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When “we” is “you”

Q: It bothers me to be addressed by a clerk or server as “we” instead of “you.” For example, “Are we enjoying our meal?” or “Are we ready to check out?” I find this a putdown. It reminds me of how some people speak to a child. I know the server means no offense, but I am bothered. Am I unreasonable? Is this usage new? I can’t find it on your blog.

A: We’ve written about this usage, but it’s at the end of a post about the various singular uses of the pronoun “we.” Your question gives us a chance to expand on the subject.

You’re not the only person bothered by this. Anthony Bourdain, the chef, author, and TV personality, was asked a few months ago about things he loves and hates. Among the hates: Servers who say, “How are we enjoying our food?” His response: “Leave me alone.”

We find the usage annoying too, though it’s far from new. The pronoun “we” has been used for “you” since the early 1700s—confidentially, humorously, cheerfully, amiably, mockingly, or reproachfully, according to the Oxford English Dictionary.

The earliest example in the OED is from The False Friend, a 1702 comedy by the English dramatist John Vanbrugh. “Don John: ‘Well, old acquaintance, we are going to be married then? ’Tis resolved: ha!’ / Don Pedro: ‘So says my star.’ ”

Merriam-Webster’s Dictionary of English Usage refers to two of the most common versions of the usage as “the kindergarten we (We won’t lose our mittens, will we?)” and “the hospital we (How are we feeling this morning?).” Merriam-Webster’s attributes the two terms to the Writer’s Guide and Index to English (1972), by Porter G. Perrin and Wilma R. Ebbitt.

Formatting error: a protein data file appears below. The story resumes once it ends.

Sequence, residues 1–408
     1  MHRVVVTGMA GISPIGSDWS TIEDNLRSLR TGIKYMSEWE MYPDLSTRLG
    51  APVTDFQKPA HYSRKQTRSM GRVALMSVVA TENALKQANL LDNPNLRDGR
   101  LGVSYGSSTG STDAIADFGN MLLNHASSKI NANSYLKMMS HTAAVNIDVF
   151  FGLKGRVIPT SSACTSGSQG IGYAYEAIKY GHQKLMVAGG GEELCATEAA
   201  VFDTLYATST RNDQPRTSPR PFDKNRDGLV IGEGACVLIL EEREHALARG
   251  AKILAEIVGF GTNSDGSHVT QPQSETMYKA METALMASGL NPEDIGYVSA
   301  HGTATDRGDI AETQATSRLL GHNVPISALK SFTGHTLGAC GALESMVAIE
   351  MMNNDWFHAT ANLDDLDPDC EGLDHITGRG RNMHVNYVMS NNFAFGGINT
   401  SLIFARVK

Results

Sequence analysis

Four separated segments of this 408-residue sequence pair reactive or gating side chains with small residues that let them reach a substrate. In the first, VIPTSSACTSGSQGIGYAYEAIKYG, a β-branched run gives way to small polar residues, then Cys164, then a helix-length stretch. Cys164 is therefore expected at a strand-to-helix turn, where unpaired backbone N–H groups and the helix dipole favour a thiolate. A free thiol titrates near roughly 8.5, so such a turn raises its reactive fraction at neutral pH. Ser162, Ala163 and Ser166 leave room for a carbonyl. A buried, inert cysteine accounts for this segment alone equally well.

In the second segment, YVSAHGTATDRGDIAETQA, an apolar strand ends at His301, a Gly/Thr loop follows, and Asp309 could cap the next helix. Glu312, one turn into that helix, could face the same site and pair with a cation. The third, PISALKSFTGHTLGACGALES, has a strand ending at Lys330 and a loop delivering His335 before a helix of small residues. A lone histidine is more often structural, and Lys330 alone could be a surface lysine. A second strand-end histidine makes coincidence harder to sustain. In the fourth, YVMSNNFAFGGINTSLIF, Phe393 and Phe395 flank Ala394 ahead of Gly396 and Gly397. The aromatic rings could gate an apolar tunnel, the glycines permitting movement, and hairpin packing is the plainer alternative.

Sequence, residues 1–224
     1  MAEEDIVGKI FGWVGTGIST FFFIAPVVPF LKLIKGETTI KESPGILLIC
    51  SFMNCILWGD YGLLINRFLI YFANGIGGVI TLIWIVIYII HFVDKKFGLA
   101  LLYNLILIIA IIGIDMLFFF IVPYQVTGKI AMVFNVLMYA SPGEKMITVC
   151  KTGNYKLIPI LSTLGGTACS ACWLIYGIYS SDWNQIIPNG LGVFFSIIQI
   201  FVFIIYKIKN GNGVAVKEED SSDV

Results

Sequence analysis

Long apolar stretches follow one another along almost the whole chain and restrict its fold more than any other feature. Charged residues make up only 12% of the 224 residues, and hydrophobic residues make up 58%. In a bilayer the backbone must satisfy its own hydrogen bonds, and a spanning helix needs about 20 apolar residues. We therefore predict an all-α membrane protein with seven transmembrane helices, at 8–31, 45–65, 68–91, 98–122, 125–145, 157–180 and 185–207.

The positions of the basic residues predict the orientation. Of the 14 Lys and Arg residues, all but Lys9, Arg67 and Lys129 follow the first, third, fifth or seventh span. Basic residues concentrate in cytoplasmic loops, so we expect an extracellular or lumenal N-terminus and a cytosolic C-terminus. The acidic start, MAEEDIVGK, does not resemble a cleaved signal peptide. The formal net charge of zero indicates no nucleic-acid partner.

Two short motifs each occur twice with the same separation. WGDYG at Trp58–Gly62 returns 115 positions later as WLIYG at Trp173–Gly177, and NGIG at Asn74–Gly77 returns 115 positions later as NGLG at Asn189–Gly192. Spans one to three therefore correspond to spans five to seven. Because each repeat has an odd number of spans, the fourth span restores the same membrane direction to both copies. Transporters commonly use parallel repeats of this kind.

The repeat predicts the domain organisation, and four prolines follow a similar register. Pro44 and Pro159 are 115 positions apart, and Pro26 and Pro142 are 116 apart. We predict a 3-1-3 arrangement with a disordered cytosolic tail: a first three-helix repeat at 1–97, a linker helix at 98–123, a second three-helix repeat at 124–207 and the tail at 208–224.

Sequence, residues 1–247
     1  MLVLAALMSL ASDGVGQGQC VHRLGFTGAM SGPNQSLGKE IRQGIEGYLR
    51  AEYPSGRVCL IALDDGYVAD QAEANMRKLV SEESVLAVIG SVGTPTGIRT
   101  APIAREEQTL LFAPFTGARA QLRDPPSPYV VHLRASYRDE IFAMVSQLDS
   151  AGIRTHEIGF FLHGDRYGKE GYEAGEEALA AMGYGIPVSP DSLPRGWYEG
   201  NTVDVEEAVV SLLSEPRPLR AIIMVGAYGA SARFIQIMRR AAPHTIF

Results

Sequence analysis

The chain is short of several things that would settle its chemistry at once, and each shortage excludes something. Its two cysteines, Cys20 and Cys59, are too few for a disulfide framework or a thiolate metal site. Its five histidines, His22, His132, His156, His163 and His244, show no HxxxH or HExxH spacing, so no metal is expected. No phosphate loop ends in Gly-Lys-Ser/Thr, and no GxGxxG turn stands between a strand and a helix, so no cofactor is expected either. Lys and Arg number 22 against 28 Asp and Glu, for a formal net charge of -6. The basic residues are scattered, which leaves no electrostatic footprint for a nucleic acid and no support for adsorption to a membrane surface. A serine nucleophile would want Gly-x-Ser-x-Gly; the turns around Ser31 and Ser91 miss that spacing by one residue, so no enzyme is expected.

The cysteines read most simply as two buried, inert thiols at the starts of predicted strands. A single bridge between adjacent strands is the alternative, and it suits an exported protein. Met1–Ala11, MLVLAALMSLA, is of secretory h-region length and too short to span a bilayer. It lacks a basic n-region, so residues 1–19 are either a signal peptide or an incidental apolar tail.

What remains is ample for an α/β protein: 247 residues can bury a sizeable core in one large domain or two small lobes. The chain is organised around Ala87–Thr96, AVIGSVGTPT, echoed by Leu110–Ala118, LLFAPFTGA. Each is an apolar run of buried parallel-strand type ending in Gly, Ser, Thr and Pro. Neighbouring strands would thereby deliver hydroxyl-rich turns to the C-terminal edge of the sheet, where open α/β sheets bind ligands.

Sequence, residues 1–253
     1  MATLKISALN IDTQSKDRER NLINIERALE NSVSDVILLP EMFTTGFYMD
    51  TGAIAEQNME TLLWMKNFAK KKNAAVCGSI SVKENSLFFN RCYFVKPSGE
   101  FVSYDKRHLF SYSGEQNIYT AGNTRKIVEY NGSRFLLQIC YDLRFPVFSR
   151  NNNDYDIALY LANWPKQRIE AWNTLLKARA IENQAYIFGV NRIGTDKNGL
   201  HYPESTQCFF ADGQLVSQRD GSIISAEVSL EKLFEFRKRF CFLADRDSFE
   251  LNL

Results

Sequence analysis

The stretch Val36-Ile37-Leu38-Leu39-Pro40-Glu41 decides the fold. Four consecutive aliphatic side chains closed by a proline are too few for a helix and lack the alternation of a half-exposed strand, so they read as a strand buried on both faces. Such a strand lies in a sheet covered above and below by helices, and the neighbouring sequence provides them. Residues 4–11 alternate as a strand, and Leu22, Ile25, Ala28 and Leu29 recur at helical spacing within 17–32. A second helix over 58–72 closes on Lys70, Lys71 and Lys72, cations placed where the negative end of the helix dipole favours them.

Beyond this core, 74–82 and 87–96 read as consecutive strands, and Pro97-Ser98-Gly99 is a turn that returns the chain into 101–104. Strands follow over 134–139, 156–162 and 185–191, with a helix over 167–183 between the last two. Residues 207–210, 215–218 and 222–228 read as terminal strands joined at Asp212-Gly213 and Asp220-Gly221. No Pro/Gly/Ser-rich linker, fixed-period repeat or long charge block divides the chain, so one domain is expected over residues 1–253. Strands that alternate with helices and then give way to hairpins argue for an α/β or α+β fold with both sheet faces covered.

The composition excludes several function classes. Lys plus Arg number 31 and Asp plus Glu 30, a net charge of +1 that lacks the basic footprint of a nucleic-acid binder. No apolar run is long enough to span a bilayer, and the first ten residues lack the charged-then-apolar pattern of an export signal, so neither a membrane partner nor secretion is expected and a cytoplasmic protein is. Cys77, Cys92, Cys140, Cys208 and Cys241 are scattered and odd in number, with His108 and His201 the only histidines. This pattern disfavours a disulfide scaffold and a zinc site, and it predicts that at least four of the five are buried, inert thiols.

Rodney Huddleston and Geoffrey K. Pullum, authors of The Cambridge Grammar of the English Language, don’t use those terms, but they give examples of the medical usage (“How are we feeling feeling this morning? Have we taken our medicine?”) and the schoolhouse usage (“teacher to pupil: We need to practice our scales”).

The Cambridge Grammar notes that the usage “runs the risk of being construed as patronising,” and is sometimes intended “to convey mockery,” as in “Oh, dear, we are a bit cranky this morning, aren’t we?”

R. W. Burchfield, writing in Fowler’s Modern English Usage (rev. 3rd ed.), cites a “playful use of this convention” in response to an annoying use of it.

We’ve expanded the citation, from Vacant Possession, a 1986 novel by Hilary Mantel:

“ ‘Don’t you wear a bra?’ she said. Muriel shook her head. The nurse smiled. ‘We don’t want to droop, do we?’

“ ‘I don’t know what we’re talking about,’ Muriel said. ‘Our head hurts.’ ”

Burchfield also has citations for a hairdresser speaking to a customer (“Do we have the hair parted on the left as usual, sir?”) and for an army officer addressing a recruit (“Not quite professional soldier material, are we?”)

Sidney Greenbaum notes in the The Oxford English Grammar that “we” and “us” are sometimes used in place of “I” or “me” in “situations of unequal relationship; for example, a doctor or dentist speaking to a patient or a teacher speaking to a student. The intention is to display a friendly tone, although it is increasingly regarded by some as patronizing.”

Greenbaum gives several examples of the usage, including these: “Well we’ll just check your blood pressure” … “Let’s have a look at your throat just now.”

Is it unreasonable for you to be bothered when clerks and servers use “we” instead of “you”?

No, but there’s not much you can do about it other than to respond rudely to someone’s misguided attempt at friendliness.

As we’ve said, the usage has been around for quite a while in one form or another. And it’s probably here to stay.

We’ll end with an OED example from Charles Dickens’s Sketches by Boz (1836): “ ‘Well, my dear ma’am, and how are we?’ inquired [Doctor] Wosky in a soothing tone.”

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